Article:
David Caute’s excellent The Dancer Defects: The Struggle for Cultural Supremacy During the Cold War, which covers not just dance but music, art, theater, and film, evokes the extraordinary power that the arts were believed to have had in shaping politics and society in the postwar years. It is almost possible to feel nostalgic for this dangerous time when the high arts were treated as germane to world affairs and celebrated as nationalist propaganda. I recall traveling around the Soviet Union as a child during the 1960s and early 1970s; music and ballet were constantly touted as exemplifying the virtues of Communist life. As the son of a privileged guest, I was, if memory serves, ten when I was made an honorary Young Pioneer and received my little red kerchief and medal in a solemn ceremony with various other children in starched white shirts and dark trousers waving red flags on a warm May day in Moscow, after which everyone was treated to songs and chamber music by Pioneers, all of them around my age.
Beethoven, Schubert, and Tchai-kovsky were part of these Pioneers’ everyday life. On later occasions, when I was old enough to be horrified by the Soviet system, I was still struck by the ubiquity of classical music on car radios and by the mobs of young Soviets at piano and dance recitals in Moscow, Leningrad, Kiev, and Tashkent. These are incidental recollections, perhaps slightly distorted by time, and meaningless except that, as Caute reminds us, high art was power once, and that era has passed.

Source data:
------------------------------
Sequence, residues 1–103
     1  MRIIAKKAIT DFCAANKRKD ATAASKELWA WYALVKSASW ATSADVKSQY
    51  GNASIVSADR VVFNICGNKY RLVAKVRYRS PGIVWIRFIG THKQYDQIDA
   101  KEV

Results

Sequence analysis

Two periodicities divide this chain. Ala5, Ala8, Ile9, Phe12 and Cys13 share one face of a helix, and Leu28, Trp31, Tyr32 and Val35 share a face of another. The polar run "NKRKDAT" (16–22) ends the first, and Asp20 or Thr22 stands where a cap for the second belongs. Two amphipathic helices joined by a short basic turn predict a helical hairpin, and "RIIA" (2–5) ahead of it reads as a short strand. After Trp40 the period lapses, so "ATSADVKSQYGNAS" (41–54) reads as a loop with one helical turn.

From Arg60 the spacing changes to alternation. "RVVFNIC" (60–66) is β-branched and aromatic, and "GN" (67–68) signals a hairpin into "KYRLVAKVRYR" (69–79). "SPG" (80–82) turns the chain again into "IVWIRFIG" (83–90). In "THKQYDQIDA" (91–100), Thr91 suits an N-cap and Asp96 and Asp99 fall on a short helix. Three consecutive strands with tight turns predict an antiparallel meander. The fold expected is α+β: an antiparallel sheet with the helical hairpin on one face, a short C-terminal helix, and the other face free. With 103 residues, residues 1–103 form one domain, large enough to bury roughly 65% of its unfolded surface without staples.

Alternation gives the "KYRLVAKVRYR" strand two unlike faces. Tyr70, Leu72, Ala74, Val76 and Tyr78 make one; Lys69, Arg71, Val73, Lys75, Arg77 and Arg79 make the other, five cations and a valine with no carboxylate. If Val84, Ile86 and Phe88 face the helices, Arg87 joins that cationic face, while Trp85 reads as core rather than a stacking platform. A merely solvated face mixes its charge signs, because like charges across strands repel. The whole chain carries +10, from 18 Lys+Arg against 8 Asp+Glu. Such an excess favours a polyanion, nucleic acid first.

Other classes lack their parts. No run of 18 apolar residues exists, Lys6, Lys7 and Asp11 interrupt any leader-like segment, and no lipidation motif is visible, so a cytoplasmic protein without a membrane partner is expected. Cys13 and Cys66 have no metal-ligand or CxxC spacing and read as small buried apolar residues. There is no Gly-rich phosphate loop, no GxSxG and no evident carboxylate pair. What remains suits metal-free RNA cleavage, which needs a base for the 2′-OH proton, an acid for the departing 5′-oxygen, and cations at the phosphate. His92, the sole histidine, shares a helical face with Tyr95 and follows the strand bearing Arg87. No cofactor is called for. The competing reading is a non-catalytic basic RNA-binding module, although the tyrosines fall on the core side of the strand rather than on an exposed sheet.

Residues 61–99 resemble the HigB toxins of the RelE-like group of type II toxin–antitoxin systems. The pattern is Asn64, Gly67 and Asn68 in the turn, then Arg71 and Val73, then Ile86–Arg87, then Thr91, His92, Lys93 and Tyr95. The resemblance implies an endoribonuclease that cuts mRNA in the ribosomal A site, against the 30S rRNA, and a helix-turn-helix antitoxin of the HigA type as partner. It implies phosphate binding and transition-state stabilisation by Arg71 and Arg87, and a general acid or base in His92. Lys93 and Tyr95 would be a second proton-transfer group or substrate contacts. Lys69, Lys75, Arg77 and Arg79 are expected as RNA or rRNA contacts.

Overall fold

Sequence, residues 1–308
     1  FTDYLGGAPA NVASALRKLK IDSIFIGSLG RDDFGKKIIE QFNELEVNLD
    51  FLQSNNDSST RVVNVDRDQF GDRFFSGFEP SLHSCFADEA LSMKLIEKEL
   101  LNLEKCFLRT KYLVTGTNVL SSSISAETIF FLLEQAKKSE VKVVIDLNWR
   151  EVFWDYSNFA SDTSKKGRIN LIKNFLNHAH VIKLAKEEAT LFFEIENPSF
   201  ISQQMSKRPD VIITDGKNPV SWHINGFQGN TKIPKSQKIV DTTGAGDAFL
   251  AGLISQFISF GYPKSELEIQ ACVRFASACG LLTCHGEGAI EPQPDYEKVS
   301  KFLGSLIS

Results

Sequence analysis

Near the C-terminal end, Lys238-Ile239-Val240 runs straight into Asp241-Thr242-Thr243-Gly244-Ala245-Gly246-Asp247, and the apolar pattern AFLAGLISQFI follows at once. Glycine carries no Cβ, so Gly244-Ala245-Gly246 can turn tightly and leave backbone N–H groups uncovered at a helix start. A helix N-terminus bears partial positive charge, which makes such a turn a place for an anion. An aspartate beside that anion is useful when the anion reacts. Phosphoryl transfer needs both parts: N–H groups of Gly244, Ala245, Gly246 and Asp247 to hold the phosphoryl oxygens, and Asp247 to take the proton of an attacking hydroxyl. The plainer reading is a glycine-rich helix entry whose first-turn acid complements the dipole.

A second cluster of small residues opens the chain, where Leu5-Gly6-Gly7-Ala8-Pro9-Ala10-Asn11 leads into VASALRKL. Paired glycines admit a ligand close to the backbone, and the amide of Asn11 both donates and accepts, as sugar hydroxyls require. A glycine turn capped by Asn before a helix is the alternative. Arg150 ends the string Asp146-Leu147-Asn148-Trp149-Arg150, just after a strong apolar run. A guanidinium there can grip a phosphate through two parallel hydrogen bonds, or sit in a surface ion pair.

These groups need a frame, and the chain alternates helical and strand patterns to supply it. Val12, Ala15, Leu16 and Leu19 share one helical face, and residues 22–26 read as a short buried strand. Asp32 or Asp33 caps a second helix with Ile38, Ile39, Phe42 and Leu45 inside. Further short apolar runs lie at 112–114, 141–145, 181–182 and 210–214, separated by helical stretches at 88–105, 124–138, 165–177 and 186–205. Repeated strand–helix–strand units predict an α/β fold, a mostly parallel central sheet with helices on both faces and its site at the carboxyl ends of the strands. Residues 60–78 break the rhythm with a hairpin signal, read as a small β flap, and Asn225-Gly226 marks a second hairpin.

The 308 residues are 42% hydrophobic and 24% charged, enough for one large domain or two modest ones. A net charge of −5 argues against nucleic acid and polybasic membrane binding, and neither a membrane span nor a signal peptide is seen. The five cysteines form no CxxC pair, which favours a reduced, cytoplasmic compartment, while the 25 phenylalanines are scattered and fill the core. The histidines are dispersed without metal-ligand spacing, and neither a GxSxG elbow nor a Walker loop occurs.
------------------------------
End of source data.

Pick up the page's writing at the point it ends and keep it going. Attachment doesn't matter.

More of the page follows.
I mean that the Soviet–US conflict framed aesthetic debates as it framed nuclear arms debates and debates about the virtues of the free market versus communism: it gave an urgency to matters of taste and style that frequently transcended the quality of the plays and movies and paintings and music being debated, much of which was absurdly bad. Konstantin Simonov’s The Russian Question, a Soviet play that premièred in 1947 and was staged in six hundred theaters, including in Berlin, became a focal point for early cold war tensions. Simonov was an apparatchik who wrote a vile diatribe in Pravda against the “anti-patriots” in Soviet theater, listing names, mostly of Jews. He campaigned for an “active and relentless ideological offensive” against the United States, of which The Russian Question was his model.